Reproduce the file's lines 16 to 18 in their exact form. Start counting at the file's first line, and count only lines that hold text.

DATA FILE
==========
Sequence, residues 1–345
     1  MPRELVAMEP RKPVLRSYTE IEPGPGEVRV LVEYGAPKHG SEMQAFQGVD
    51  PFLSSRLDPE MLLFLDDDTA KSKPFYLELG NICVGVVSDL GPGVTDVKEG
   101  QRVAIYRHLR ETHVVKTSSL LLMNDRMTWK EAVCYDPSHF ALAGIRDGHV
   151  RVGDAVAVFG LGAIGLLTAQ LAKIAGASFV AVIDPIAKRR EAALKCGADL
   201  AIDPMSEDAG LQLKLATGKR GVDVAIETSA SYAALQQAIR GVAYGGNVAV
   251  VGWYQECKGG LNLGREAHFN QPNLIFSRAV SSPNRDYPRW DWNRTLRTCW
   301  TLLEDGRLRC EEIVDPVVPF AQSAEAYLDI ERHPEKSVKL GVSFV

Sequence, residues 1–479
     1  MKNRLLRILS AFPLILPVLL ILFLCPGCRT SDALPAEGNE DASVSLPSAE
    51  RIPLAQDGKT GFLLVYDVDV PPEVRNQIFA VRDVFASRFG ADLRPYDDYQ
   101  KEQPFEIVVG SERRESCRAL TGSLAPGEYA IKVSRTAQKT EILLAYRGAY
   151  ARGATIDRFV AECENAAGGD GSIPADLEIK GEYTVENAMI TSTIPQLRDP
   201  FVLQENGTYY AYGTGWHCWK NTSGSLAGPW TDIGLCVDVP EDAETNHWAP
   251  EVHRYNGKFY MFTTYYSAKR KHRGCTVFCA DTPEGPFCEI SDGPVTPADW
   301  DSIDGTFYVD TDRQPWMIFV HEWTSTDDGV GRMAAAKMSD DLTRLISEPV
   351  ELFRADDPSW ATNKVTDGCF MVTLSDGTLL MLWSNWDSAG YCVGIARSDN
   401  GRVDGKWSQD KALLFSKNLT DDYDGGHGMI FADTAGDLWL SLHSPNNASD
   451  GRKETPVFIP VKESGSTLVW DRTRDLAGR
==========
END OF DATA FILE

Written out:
   301  DSIDGTFYVD TDRQPWMIFV HEWTSTDDGV GRMAAAKMSD DLTRLISEPV
   351  ELFRADDPSW ATNKVTDGCF MVTLSDGTLL MLWSNWDSAG YCVGIARSDN
   401  GRVDGKWSQD KALLFSKNLT DDYDGGHGMI FADTAGDLWL SLHSPNNASD